Bradley Hathaway - A Thousand Angry Panthers
Record Label: None
Release Date: July 1, 2010
From the audacious, dedicated kid who brought us that beloved poem “The Annoying Hardcore Dude That Goes Too Far” now comes A Thousand Angry Panthers: a darkly transparent and personal 4-track EP. It’s the latest project from Goshen, Arkansas’s passionate troubadour Bradley Hathaway – the third since he left his spoken word roots to pursue his talents in folk. Here, Hathaway comes down with a hard case of the blues as he journals about the predicaments and tragedies of an agnostic world; any doubt he’s a troubled soul dissipates when he howls “The world is screamin’” over epic, whirring guitars on the closing song. It’s almost a breath of fresh air; with Elliott Smith having passed on, and Conor Oberst writing progressively brighter tunes, it’s been a while since we’ve heard such desperation come out of this neck of the woods.
One thing you’ll notice is that Hathaway hasn’t changed his songwriting style much from his The Thing That Poets Write About The Thing That Singers Sing About era. Like the majority of folk artists in history, he opts for simplicity in melody (most songs on the EP are 4-chord brooders), though his music as a standalone continues to lack the memorable quality others have successfully captured.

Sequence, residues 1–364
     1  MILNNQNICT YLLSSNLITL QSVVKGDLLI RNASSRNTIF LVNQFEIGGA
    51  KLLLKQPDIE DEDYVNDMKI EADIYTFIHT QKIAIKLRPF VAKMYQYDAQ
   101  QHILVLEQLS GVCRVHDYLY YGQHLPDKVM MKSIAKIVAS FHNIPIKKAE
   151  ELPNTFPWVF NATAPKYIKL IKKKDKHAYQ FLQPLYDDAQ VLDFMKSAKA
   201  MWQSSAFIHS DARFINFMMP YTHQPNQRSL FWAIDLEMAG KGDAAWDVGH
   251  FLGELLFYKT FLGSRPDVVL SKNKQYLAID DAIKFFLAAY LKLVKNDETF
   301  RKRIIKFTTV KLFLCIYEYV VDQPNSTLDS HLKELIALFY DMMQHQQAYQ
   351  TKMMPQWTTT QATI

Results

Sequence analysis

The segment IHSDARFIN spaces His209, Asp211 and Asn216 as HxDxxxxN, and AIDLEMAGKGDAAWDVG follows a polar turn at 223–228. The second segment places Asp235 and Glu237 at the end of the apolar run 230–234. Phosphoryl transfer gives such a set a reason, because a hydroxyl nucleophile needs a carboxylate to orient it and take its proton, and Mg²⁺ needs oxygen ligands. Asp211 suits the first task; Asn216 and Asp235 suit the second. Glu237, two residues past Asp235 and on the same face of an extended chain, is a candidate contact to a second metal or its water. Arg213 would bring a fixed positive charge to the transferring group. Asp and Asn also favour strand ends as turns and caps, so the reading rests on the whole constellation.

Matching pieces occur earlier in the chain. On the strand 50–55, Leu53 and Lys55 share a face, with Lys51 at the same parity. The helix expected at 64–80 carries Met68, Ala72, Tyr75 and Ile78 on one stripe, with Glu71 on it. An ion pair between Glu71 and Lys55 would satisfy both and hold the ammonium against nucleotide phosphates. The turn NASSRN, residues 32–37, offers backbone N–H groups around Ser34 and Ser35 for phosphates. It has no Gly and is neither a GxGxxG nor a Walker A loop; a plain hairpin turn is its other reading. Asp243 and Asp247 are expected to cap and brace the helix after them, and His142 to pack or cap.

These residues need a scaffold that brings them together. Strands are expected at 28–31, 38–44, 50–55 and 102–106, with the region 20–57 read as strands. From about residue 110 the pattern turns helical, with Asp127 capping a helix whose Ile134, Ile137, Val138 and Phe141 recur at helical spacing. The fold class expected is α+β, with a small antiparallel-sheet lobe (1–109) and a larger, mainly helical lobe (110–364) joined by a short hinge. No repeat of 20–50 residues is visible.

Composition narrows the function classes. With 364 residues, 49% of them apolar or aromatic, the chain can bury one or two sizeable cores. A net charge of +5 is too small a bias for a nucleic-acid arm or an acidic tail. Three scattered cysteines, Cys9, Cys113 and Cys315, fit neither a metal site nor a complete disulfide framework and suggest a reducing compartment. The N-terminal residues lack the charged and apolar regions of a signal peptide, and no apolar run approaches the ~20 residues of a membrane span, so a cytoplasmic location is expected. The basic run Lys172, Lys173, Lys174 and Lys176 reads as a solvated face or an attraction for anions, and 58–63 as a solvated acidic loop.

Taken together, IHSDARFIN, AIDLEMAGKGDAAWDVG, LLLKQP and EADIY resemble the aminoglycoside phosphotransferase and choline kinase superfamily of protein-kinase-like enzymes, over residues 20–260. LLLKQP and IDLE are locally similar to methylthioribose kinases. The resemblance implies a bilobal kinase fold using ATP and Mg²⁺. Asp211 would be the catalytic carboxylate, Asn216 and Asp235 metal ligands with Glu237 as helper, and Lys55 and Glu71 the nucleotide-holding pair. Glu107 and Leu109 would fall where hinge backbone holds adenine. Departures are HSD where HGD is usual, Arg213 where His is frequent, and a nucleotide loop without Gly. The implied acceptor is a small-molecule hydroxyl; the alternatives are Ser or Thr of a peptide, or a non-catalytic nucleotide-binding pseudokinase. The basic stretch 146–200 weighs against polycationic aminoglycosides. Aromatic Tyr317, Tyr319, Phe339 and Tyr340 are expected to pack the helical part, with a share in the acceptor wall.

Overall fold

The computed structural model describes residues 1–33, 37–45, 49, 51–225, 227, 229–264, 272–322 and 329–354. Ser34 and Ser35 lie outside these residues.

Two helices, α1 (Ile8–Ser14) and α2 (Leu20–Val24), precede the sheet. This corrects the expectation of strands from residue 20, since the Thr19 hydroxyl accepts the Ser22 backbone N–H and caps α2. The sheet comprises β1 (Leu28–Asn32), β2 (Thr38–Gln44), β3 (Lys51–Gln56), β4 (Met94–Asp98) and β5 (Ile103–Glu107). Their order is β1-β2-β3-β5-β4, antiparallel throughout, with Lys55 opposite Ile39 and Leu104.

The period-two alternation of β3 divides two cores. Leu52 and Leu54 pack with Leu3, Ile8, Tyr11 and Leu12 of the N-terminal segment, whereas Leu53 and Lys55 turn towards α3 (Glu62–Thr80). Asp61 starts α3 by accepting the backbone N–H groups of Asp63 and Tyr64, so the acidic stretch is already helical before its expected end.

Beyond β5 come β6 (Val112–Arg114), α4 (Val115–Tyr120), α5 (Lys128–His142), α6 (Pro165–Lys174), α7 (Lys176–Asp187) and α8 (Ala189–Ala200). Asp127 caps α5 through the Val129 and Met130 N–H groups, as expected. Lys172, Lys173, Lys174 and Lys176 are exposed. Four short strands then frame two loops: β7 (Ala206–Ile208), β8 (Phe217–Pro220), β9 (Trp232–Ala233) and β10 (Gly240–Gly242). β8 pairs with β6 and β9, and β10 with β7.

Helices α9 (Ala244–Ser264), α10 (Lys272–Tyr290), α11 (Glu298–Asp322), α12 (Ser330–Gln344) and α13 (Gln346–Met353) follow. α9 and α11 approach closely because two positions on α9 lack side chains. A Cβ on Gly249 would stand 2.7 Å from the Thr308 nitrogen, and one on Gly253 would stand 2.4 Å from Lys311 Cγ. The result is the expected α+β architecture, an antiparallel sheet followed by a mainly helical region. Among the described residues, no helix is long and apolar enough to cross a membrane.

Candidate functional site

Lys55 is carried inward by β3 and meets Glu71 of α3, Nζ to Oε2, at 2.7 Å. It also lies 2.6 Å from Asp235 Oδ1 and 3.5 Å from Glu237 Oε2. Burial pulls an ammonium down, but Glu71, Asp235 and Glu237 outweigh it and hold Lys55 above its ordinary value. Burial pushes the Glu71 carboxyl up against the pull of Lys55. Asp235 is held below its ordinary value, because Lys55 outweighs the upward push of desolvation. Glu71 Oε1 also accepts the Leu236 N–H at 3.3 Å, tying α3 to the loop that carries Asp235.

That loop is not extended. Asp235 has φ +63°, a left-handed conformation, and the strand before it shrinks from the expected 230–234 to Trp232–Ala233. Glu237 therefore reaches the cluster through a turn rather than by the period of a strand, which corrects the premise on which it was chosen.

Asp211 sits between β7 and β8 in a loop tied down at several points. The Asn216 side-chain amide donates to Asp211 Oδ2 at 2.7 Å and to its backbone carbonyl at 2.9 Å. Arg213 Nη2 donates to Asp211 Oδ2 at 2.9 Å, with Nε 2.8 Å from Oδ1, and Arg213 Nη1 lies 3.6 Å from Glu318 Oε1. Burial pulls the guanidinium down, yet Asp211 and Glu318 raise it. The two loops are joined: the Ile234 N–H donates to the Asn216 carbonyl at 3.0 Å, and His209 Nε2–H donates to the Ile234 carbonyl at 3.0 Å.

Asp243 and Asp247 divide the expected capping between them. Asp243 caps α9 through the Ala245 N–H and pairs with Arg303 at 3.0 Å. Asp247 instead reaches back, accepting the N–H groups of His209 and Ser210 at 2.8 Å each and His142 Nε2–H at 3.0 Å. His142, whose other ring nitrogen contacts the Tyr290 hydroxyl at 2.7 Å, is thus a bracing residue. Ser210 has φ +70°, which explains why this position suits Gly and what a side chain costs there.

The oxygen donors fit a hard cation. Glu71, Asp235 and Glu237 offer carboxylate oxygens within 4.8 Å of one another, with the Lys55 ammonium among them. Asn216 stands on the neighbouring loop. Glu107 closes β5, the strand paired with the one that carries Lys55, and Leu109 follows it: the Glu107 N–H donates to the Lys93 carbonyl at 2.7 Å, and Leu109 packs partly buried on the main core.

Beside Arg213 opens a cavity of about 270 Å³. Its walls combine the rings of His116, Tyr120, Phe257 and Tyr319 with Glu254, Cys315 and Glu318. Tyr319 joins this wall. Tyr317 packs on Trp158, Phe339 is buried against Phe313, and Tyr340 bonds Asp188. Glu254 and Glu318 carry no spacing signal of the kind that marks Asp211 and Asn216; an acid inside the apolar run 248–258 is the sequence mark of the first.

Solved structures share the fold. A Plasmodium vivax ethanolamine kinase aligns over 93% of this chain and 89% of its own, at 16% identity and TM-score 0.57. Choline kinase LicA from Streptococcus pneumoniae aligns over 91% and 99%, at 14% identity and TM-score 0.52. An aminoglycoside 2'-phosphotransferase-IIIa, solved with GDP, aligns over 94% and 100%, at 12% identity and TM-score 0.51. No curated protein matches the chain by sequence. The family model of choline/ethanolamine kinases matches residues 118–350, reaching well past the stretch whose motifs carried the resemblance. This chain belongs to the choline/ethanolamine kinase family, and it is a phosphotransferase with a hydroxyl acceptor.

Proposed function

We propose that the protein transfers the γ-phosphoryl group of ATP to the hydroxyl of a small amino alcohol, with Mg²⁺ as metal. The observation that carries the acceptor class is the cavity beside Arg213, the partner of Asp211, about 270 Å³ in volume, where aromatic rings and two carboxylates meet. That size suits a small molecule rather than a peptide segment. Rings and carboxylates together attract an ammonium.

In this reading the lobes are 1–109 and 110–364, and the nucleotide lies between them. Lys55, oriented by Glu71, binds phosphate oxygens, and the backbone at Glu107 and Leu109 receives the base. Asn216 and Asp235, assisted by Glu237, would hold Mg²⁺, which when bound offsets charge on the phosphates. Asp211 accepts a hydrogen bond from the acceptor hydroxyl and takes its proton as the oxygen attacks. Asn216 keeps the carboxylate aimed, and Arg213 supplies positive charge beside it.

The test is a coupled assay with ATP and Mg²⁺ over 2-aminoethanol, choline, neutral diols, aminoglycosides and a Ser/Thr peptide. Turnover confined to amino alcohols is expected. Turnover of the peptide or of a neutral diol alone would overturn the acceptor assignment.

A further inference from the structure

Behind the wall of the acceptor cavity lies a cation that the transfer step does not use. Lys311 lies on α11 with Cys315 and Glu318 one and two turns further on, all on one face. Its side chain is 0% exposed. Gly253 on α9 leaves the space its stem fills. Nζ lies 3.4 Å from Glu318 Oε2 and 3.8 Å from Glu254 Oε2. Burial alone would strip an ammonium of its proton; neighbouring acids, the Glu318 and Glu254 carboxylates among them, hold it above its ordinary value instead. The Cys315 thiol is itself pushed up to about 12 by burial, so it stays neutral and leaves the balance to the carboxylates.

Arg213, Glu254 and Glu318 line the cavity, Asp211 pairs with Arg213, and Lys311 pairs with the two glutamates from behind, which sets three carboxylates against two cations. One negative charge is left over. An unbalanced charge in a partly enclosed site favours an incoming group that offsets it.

Nevertheless, Hathaway once again rescues his songs by pairing them with vivid lyrics. On A Thousand Angry Panthers, he sings about an expansive range of deeply personal things: his lover’s turbulent relationship with an abusive and mentally ill father, his grandmother’s concluding moments on earth, and a series of disheartening observations about the type of people that are all too common in modern society (“a little girl touched in places she should never be, a little boy left to live alone in the street / a wife that doesn’t know how to be faithful, and a husband that doesn’t know how to keep his cool”). Yet he’s at his most charismatic when he traces the root of all these problems to one issue: “We’re all waiting for a messiah to come, but we can’t agree on who he is or which is the one.”
Hathaway, however, finds his messiah in Jesus, as do many of the characters in these songs. Listeners who are turned off by straightforward religious messages won’t find solace here, unless they can rise above their aversion and appreciate that he arrives at his conclusion as a result of authentic faith rather than relentless indoctrination. Hathaway probably doesn’t care that he’s steering away a potential audience, though, because in the end, A Thousand Angry Panthers is about something much more important than fan support – it’s about finding peace and release for the broken people he sings about. And if he can achieve that through turning to Jesus, does it really matter what the critics think? “I’d fight a thousand angry panthers screaming in the night if it meant you would be kept safe and sound and alright,” he croons in “Would You Think Less of Me,” and we believe him without a second guess.